Many Questions Remain About Youth Substance Use Trends

December 15, 2020

The following is from the web blog of Dr. Nora Volkow, Executive Director of NIDA.

The results of the 2020 Monitoring the Future (MTF) survey of drug use and attitudes in middle and high school students were released today, with the encouraging news that the alarming rises in teen vaping both of nicotine and marijuana seen in prior years had leveled off, although use remained high. But as with so many other efforts in 2020, the MTF survey was impacted by the COVID-19 pandemic. And we are left at the end of this tumultuous year with many questions about how circumstances have affected youth, their substance use, and their mental health more generally.

The MTF survey is ordinarily conducted from February until May, with the results released later the same year. This year, schools closed in mid-March before the majority of the students could be surveyed, leaving the University of Michigan researchers who conduct the survey with a smaller-than-usual sample—11,821 students in 112 schools. Although only a quarter the size of the usual sample, it remained nationally representative and contained much valuable data.

Generally, the 2020 MTF showed continued low levels of most forms of substance use among teens, including very low levels of opioid use despite the devastating effects opioids have had on all older age groups including young adults. However, there are other indications that the evolving addiction and overdose crisis is directly affecting youth. For example, a study by CDC researchers just published in the Journal of Pediatrics shows increases in suspected nonfatal overdoses involving stimulants (a category that includes prescription stimulants, cocaine, and methamphetamine) in children and teens between 2016 and 2019. MTF shows decreases in use of prescription stimulants in 10th and 12th graders but a trend toward increased use among 8th graders. It will be important to closely monitor adolescent stimulant use in future MTF surveys.

The MTF data collected at the beginning of this year reflect a certain point of relative normality before the COVID-19 pandemic threw all our lives into upheaval, including the lives of teens. As we seek to understand adolescent substance use in this new reality, we look to research to answer many important questions on how the stresses of the pandemic may have affected substance use by teens. For example, it is important to investigate the consequences of social distancing and virtual classes on adolescent drug experimentation and use, since those are strongly influenced by peer pressure and group dynamics. NIDA has issued supplemental funds to existing grantees to help study the impact of the pandemic on adolescents’ risk of substance use; their access to prevention and treatment services; and the pandemic’s effects on families. Future research, including the results of next year’s MTF survey, can help us understand how school closures and lockdowns affected adolescent substance use.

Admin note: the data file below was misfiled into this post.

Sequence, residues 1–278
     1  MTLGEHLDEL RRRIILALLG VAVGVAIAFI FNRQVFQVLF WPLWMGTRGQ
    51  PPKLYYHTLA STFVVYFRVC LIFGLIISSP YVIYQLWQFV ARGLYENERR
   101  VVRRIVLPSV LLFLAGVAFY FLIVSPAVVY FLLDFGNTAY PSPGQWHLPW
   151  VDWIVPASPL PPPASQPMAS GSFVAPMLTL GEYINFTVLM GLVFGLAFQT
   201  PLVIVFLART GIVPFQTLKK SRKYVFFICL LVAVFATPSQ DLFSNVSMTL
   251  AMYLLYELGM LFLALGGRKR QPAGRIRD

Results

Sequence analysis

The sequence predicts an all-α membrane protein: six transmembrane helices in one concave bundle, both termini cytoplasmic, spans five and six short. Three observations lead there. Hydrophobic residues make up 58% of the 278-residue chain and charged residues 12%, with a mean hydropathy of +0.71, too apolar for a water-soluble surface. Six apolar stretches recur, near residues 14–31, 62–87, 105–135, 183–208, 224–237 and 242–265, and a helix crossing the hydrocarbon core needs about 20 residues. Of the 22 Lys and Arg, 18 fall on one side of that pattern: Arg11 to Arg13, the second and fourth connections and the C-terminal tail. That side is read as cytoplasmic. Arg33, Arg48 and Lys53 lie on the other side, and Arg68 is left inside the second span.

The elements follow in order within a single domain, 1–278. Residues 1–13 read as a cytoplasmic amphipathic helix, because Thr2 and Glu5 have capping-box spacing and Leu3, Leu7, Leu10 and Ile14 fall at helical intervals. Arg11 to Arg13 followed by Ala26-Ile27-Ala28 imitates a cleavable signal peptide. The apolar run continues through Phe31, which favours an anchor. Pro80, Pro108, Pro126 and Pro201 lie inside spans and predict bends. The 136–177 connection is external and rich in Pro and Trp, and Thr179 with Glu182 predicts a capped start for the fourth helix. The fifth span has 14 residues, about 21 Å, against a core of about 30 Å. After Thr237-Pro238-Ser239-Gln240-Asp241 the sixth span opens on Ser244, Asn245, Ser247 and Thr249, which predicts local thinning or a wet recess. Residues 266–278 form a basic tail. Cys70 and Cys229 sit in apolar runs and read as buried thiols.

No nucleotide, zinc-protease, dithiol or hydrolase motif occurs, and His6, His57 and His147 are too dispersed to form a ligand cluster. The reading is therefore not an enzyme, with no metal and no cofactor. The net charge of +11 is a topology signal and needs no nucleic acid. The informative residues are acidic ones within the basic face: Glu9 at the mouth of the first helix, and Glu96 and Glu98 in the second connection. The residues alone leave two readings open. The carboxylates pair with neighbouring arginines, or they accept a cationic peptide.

Although research has suggested that the pandemic’s stresses have increased many forms of substance use in adults, it remains to be seen whether reduced ability to interact with peers or other sources of drugs may be a mitigating factor in youth. There is already evidence that reduced commercial availability of vape products during the pandemic may be affecting teen vaping. Researchers at Stanford and University of California San Francisco captured self-reported vaping habits of 2,167 teen and young-adult e-cigarette users in May, two months after the national emergency was declared and after MTF stopped gathering data for the 2020 survey. Over half of the respondents reported changing their use of vaping products, with 68 percent of those reporting that they had reduced their use or quit. Inability to purchase the products was one reason cited.

2020 has posed many urgent questions for science. Finding out the different ways the pandemic and other stresses of the year have affected young people is a high priority. Adolescence is an important period of social and emotional development, and the pandemic has disrupted many of the processes that impact that development. NIDA research has pivoted to ensure we address this unique time in history as we pursue scientific solutions to the impacts of drug use and addiction across the lifespan.

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